The sympathetic nervous system is critically involved in the pathogenesis of heart failure (HF). It is now currently well recognized from clinical studies that inhibiting sympathetic activity is salutary in HF. Whereas this approach is now routine clinically there are some limitations to the usefulness of this therapeutic approach of inhibiting sympathetic activity at the level of ?-adrenergic receptors (?-AR) in some patients with HF. The overall goal of this project is to explore the role of inhibiting ?-AR at the level of adenylyl cyclase (AC) and to study a potentially new therapeutic approach for HF, i.e., inhibition of type 5 adenylyl cyclase (AC5). Our overall hypothesis is that AC5 is a key enzyme mediating cardiomyopathy in response to cardiac overload and secondarily to increased ?-AR signaling or to cardiomyopathy induced by chronically enhanced ?-AR signaling in mice with overexpressed ?1-AR or ?2-AR and that inhibition of AC5 rescues the cardiomyopathy in these transgenic (Tg) mice. One might suppose that reducing AC activity will, by itself, be responsible for rescuing ?-AR cardiomyopathy. However, the main source of AC activity in the heart is AC6, and, since we have demonstrated that AC5 KO only exhibit a 25-30% reduction in AC activity, the rescue of ?2-AR Tg cardiomyopathy must involve a complex interaction of mechanisms, not simply due to the modest decrease in AC activity. The goal of this project is to determine the mechanisms underlying rescue of cardiomyopathy by inhibition of AC5, which will support the clinical use of this molecule as a novel treatment for HF. There are three major hypotheses: Hypothesis A: Inhibition of AC5 protects against cell death and rescues the cardiomyopathy induced by overexpressed ?1-AR or ?2-AR. Hypothesis B: The rescue of the ?1-AR Tg or ?2-AR Tg cardiomyopathies by inhibition of AC5 permits enhanced exercise performance which is due to (1) improved cardiac output and stroke volume, (2) improved coronary reserve, and (3) enhanced nitric oxide (NO) signaling. Hypothesis C: Resistance to oxidative stress is an important mechanism in the protection against cell death and rescue of cardiomyopathy in ?1-AR Tg x AC5 knockout (KO) or ?2-AR Tg x AC5 KO bigenic mice. The implications for Public Health are self-evident, considering that heart disease and HF are the disease processes which have the greatest impact on Public Health in the US, in terms of finances and task-force, and using similar logic, finding new therapies will be crucial to minimize the impact of these disease states on Public Health.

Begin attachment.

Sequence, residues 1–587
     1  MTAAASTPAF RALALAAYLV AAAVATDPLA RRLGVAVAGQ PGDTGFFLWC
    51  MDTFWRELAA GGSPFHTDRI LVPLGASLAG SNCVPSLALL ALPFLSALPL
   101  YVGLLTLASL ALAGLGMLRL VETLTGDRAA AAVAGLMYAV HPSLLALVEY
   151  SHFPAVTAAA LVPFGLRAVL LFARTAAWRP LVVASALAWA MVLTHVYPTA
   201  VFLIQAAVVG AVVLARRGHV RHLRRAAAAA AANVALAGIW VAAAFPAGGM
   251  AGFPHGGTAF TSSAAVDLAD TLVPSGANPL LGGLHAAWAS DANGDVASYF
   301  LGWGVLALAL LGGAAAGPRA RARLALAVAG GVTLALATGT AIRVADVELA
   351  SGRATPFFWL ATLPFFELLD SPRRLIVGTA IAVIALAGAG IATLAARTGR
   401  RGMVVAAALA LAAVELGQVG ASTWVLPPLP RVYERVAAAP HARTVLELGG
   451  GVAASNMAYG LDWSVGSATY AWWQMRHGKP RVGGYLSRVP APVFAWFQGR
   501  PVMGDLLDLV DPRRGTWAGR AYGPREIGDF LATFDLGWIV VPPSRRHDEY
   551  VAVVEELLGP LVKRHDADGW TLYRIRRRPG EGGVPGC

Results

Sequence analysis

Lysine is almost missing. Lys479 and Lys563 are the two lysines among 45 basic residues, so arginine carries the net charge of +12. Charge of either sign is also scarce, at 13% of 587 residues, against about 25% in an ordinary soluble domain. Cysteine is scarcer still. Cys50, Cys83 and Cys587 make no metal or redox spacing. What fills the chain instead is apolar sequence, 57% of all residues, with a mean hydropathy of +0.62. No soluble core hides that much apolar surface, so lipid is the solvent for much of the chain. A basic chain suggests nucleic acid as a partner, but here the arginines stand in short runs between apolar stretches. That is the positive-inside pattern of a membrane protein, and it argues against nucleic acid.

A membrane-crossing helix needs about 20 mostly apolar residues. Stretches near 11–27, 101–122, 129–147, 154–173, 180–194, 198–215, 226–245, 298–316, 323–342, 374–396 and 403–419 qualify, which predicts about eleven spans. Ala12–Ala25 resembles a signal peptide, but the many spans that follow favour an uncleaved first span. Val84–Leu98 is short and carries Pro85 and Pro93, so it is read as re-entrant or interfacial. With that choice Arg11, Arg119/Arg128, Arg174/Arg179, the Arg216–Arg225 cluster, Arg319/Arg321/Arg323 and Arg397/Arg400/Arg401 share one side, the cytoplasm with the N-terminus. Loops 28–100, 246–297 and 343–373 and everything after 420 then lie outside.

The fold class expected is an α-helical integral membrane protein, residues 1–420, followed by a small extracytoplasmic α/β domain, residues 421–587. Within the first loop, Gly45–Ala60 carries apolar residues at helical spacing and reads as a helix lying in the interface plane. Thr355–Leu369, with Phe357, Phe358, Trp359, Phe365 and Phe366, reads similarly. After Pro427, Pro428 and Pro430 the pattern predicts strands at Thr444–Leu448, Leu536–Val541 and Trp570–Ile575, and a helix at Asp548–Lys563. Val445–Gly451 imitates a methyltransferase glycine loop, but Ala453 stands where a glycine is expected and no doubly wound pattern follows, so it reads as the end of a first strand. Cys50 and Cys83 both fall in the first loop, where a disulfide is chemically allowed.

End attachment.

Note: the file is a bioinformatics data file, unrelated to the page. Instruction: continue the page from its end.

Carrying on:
The implications for Public Health are self-evident, considering that heart disease and HF are the disease processes which have the greatest impact on Public Health in the US, in terms of finances and task-force, and using similar logic, finding new therapies will be crucial to minimize the impact of these disease states on Public Health.
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